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Zimbabwe, 27 March 2015: School improvement grants helping children with disabilities access education

© Richard Nyamanhindi/UNICEF 2015
At Capota School of the Blind, School Improvement Grants have been used to purchase furniture and musical instruments.

By Richard Nyamanhindi

Sixteen year-old Onai (which ironically means to see) grew up being told she was cursed by God. Blind and deaf from birth, she spent most of her time locked up in the house in rural Masvingo in south Zimbabwe, often sitting motionless in the dark for hours.

She was left alone as her siblings went to school and the adults worked the fields. When she needed to move, Onai used to bump into obstacles, some which left her with scars for life. From the threshold of her house she was a loner who could not play and have fun with other children.

For a child of her age, Onai looked gaunt and lifeless. Most days, she was fed just once. Friendless and neglected, she lacked nutrition, hygiene, clothing and care.

Her family saw her as a life-long liability they wish they never had. They did not see any value in sending her to school for the bother of accompanying her and the challenges she would face - being mocked by other children at school.

In 2007, however life changed for Onai when she was sent to Capota School of the Blind in Masvingo. Since then, she has been learning how to communicate and has been making steady progress. She can now count, knit, cook, take instruction and even plays with other children her age.

Educating children with disabilities such as Onai is a modern-day challenge for many parents and schools in Zimbabwe especially those in rural areas. According to the 2012 Zimbabwe Census Report, a small proportion (1% to 10%) of children with special needs have ready access to schooling, and those who do typically attend segregated schools.

Capota School of the Blind, established in 1939 is one of the largest institutions catering for the visually impaired in Zimbabwe and is home to over 200 students with special needs who are taught self-help projects such as art, woodwork, craft and metalwork, among other life skills.

Among its main objectives is to educate and rehabilitate visually handicapped pupils. However, the infrastructure at Capota is in disrepair resulting in increased inequalities among children with disabilities. This has resulted in high dropout rates especially among girls as the school have resorted to charging fees and levies in order to stay afloat.

In light of the challenges facing special needs schools and other poor rural schools, the Ministry of Primary and Secondary Education and UNICEF under the Education Development Fund (EDF) – a multi-donor pool of funds providing schools such as Capota with financial resources through the School Improvement Grants (SIG) to address their most basic needs. The objective is to make sure that they meet a set of school functionality criteria so that they improve the quality of teaching and learning and reduce user fee costs for vulnerable pupils such as Onai.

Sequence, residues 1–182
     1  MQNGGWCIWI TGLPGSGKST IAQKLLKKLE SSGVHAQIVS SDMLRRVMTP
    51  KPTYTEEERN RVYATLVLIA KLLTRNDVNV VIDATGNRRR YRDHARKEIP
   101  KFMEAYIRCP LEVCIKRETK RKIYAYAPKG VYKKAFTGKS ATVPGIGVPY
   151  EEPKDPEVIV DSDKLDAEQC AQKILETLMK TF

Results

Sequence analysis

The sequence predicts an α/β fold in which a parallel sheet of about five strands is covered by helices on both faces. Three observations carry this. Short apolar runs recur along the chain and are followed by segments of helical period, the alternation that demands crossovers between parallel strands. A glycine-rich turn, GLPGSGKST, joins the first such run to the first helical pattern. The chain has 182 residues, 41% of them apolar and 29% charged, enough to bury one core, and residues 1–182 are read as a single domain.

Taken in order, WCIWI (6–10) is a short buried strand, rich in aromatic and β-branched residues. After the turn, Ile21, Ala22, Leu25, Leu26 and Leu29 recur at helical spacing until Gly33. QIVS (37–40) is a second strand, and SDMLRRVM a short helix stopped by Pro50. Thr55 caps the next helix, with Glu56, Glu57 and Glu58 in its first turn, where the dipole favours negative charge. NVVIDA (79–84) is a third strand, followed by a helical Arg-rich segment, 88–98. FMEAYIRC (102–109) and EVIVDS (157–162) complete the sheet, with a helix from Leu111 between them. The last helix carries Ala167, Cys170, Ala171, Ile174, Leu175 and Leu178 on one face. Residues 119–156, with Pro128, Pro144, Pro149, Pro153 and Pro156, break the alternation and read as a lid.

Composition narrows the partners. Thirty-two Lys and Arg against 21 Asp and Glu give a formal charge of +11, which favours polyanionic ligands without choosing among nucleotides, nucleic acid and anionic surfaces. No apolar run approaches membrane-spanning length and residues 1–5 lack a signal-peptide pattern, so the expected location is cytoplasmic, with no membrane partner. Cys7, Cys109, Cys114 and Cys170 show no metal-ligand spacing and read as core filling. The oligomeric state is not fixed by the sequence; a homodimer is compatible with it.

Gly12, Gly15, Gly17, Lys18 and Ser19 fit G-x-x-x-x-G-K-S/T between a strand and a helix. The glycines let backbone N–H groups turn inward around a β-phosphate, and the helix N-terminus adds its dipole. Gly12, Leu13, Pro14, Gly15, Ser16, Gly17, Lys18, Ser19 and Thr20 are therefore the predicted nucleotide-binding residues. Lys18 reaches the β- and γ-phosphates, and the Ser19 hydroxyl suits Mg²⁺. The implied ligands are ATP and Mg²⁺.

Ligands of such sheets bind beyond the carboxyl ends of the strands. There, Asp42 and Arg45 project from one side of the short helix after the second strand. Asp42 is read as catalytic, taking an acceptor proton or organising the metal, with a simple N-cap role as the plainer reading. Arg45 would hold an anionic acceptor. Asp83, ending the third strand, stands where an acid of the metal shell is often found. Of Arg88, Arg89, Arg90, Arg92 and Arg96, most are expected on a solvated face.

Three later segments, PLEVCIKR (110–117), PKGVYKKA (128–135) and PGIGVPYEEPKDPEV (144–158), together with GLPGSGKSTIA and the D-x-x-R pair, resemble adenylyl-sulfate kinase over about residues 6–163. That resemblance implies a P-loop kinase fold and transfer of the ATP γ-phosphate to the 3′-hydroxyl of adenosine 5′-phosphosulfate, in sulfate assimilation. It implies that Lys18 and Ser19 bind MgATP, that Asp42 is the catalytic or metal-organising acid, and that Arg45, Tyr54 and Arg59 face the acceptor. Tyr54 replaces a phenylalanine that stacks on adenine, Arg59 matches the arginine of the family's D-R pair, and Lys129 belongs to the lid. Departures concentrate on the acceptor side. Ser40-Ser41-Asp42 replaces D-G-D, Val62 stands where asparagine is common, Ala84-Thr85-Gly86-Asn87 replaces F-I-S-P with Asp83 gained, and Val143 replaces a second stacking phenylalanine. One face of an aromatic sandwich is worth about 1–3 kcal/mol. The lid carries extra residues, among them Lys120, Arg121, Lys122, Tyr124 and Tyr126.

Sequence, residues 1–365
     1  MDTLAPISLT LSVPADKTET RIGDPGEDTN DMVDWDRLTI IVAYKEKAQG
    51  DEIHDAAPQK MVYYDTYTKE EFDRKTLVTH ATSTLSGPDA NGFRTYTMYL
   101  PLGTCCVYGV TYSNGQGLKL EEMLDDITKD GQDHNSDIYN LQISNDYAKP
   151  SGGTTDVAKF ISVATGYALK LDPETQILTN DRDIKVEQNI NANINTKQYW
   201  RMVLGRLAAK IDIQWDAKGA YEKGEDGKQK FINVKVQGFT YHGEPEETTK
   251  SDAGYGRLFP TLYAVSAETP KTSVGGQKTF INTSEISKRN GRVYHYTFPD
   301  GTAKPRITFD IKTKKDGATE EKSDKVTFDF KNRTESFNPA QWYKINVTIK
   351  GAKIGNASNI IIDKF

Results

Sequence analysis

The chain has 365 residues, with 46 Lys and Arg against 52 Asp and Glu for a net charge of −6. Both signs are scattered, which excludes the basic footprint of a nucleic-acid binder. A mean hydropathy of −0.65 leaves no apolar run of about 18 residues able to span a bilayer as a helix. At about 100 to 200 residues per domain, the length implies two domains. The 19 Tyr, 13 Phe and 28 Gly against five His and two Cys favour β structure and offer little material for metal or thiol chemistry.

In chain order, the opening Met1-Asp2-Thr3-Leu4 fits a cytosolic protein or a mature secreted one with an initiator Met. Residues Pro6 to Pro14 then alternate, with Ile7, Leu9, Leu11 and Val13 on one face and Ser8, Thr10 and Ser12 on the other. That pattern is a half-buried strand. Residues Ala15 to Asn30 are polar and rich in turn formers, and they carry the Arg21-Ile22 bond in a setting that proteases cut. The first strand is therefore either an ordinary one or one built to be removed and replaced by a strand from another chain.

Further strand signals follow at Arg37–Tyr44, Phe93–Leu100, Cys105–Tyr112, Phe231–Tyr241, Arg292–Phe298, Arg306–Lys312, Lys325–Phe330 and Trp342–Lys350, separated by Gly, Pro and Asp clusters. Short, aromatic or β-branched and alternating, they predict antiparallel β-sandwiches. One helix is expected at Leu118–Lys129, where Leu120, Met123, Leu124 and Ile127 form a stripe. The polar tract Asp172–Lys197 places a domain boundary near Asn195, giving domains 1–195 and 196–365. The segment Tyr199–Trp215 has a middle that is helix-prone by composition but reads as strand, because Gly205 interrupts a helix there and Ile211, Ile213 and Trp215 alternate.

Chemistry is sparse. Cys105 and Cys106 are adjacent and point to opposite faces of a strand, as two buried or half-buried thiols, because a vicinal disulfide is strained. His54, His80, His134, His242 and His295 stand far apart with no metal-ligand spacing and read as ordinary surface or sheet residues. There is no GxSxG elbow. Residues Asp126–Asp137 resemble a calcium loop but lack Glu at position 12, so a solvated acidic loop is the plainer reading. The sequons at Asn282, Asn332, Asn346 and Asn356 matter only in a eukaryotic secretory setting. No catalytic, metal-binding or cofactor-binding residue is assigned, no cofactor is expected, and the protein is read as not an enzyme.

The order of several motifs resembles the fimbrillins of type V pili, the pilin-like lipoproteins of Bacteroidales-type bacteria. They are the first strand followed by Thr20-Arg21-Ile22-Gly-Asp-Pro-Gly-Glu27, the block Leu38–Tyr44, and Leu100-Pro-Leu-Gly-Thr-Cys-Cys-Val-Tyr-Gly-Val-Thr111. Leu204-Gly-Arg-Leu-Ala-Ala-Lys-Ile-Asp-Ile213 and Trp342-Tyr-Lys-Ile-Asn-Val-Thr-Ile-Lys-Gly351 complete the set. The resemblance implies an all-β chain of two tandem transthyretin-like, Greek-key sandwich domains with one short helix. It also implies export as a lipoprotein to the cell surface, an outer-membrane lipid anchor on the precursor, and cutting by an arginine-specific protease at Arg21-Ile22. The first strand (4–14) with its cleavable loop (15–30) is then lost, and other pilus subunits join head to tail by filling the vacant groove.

According to Mrs. Nomsa Ziyenge, the Deputy School Head of  Capota School, the SIG funding has enabled them keep more vulnerable children with disabilities in school after receiving US$20 000 in 2014.

“We are very grateful for the SIG funds, as they have enabled us to keep an increased number of children with special needs in school. Children with disabilities are subject to profound levels of poverty, exclusion and discrimination in Masvingo which is marked by deprivation and harmful practices rooted in traditional beliefs,” said Mrs. Ziyenge.

“The majority of parents with disabled children abandon their children here at the school. This has inevitably put a strain on the few resources that we have and SIG has lessened the burden,” added Mrs. Ziyenge.

Special needs schools are receiving twice more in SIG than a secondary school funding due to the specialized equipment and rehabilitation that they need to do if compared to ordinary schools around the country. Capota School for example, received SIG funding in 2013 and 2014 and will receive the same amount of US$20 000 in 2015.

In addition to paying fees to children left out of the Basic Education Assistance Module (BEAM), Capota used the SIG funding to buy braille paper, furniture, musical equipment and computers and did some minor water and sanitation repairs – something that has greatly improved the quality of education at the school.

“The school Improvement Grants have really brought significant change to our school. We sat and agreed as the school authorities with the School Development Committee and the children and mapped and prioritized our needs in a comprehensive School Development Plan (SDP). All the improvements that we are doing are coming from that plan,” noted Mrs. Ziyenge.

SIG funding has also allowed Capota School to intensively engage the community in providing a web of support. Through the SDP, the school is engaging more with teachers, local officials, community leaders and parents to improve the education of children with disabilities in the Province.

However, the school is facing a number of problems. On top of the list is the lack of resources. This has affected enrolment as most pupils have been forced to dropout as BEAM funding has been limited in the past two years. Once the children dropout, finding another school that caters for their needs in next to impossible, so they are disadvantaged for life.

Children have the same human right to develop their potential and access education. Yet despite this, children with disabilities such as Onai are still less likely to start school, have lower rates of school attendance, and fewer chances to achieve higher levels of education. SIG has potential to improve the lives of these children and already significant changes are becoming apparent.




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